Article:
My Apple Watch keeps running out of power. How can I get better battery life?
Our first day with the first-gen Apple Watch was disappointing, battery-wise. By 6.15pm our iPhone had run out of battery, and just half an hour later the Apple Watch gave up the ghost. Perhaps our first day's use had been a little excessive - we'd been checking out the apps and messing around with settings - but it's not as if we'd run a marathon.
This poor experience was shared by many new Apple Watch owners. Apple said the watch would offer an "all day battery life" - that's up to 18 hours of normal use, which it defines as "90 time checks, 90 notifications, 45 minutes of app use and a 30-minute workout with music playback from Apple Watch via Bluetooth, over the course of 18 hours". That first day we made it to almost 11 hours on the watch.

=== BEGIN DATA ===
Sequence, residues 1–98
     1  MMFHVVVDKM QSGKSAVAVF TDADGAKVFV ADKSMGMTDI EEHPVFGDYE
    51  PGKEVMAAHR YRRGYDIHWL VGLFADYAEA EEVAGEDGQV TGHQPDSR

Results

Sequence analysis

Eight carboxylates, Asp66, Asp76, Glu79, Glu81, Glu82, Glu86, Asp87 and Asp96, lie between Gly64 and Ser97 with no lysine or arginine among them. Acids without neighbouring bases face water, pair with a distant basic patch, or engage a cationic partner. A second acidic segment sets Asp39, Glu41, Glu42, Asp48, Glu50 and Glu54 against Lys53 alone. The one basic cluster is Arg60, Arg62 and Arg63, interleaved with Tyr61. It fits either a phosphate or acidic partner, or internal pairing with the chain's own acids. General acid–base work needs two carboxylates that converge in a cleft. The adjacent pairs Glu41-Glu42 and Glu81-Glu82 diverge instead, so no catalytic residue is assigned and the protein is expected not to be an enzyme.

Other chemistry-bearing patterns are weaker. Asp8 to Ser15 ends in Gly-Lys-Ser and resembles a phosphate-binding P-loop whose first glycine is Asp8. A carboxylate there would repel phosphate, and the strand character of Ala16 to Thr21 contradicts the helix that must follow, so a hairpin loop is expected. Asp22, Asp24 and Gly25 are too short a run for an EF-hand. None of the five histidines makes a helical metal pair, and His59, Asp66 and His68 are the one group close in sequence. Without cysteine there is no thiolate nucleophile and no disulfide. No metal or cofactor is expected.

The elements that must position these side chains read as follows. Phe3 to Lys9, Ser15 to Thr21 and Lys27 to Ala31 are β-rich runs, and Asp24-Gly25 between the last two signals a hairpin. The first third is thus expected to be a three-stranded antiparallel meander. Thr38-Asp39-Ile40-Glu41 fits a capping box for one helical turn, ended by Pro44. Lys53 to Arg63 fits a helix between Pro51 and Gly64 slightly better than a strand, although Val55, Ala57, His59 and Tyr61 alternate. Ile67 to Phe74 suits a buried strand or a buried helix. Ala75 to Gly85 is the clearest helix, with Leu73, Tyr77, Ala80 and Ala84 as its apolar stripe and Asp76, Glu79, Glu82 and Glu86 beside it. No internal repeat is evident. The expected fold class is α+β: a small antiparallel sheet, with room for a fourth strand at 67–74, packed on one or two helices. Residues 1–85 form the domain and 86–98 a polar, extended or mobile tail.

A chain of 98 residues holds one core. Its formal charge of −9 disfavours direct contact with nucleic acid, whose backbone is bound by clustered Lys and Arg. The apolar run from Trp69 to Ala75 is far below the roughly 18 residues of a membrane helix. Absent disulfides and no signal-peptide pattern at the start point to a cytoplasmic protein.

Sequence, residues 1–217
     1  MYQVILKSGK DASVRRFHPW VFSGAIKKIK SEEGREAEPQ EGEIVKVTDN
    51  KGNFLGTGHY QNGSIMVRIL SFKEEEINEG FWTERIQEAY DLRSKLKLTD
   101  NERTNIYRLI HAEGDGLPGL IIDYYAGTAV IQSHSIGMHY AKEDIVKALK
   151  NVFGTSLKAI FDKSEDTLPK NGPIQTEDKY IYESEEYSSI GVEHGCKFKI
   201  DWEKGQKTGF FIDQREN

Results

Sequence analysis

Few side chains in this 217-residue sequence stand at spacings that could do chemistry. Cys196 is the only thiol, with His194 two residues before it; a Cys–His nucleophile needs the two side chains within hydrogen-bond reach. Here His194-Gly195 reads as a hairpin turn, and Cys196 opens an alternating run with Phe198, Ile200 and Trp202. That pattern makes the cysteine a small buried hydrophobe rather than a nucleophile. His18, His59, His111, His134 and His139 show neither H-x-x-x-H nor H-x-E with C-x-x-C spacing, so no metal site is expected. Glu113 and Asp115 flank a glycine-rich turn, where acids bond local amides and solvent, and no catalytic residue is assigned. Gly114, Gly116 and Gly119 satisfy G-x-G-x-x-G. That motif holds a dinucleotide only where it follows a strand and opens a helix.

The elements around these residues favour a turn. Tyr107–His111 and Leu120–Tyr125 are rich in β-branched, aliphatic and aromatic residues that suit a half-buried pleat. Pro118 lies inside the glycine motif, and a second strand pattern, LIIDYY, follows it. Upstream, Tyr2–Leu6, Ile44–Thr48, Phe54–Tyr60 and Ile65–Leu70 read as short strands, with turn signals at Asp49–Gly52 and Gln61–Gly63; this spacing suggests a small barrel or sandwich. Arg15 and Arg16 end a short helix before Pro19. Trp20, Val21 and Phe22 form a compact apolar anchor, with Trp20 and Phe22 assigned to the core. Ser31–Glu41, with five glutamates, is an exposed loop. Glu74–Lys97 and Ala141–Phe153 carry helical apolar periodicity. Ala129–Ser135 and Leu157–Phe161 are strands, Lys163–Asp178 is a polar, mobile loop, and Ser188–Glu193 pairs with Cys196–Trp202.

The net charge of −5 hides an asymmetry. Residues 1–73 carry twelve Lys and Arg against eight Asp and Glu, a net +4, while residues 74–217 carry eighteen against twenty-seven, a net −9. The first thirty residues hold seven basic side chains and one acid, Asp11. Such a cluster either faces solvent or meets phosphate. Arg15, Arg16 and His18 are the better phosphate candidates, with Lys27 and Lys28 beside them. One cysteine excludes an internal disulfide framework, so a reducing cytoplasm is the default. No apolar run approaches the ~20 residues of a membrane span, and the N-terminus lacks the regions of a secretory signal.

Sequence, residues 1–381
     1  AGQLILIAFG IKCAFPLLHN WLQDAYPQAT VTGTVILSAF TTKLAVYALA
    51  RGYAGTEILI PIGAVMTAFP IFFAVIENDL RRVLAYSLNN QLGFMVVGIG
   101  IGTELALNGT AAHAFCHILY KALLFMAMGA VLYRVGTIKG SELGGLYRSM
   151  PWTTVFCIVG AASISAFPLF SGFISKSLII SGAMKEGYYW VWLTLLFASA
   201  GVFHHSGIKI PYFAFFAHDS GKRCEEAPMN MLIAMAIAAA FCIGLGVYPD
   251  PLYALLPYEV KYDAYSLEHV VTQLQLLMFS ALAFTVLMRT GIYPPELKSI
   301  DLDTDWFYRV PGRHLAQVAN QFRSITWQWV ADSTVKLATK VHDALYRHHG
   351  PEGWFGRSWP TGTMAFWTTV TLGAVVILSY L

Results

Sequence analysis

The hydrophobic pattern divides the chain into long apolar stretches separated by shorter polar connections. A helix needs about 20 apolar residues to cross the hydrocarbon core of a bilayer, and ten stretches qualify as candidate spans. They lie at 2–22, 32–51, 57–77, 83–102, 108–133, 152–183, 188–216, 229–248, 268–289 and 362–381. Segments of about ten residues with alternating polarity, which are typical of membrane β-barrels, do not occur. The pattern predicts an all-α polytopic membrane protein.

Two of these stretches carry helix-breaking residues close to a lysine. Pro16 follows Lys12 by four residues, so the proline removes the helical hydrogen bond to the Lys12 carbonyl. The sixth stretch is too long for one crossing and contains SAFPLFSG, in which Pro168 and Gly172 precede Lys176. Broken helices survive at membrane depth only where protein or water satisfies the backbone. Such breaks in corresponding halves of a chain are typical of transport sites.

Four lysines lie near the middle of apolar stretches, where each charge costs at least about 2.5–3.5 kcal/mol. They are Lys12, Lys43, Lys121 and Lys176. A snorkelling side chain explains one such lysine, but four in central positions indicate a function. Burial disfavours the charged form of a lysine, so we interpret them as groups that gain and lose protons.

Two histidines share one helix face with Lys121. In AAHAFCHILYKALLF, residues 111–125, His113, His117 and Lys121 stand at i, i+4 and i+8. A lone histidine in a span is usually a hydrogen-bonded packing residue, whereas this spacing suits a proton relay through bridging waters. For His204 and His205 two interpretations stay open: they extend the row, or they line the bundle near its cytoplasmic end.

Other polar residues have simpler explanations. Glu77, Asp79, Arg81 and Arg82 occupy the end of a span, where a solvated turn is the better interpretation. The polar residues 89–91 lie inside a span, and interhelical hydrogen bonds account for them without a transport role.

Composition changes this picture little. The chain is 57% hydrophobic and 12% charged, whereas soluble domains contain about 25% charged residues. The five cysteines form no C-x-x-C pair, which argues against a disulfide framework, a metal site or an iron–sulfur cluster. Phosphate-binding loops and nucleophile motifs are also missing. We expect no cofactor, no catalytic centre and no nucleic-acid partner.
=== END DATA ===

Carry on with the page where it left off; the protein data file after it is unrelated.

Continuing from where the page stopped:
We got better at managing our watch use, and the hardware got better too; the Apple Watch Series 2 is good for a solid two days of typical use, and the Series 3 isn't far behind provided you don't hammer the cellular feature too much. But even owners of these newer models are sure to be interested in ways to stretch that performance still further.
With this in mind, we present our top tips for saving battery life on the Apple Watch. For similar advice for your smartphone, take a look at our tips to get better iPhone battery life.
Next, a warning: if you've got the cellular-enabled Apple Watch Series 3, your device's battery performance will be heavily influenced by the extent to which you make use of the new cellular feature.
One occasion, during review testing, we kept the Series 3 away from its iPhone for a morning, and in five hours it dropped 32 percentage points (55% to 23%); as a control, the Series 2 fell just 19% (from 38% to 19%) in the same period.
In other words, the first place to look if your Series 3 is turning in subpar battery performance is your own cellular habits, which you may need to curb.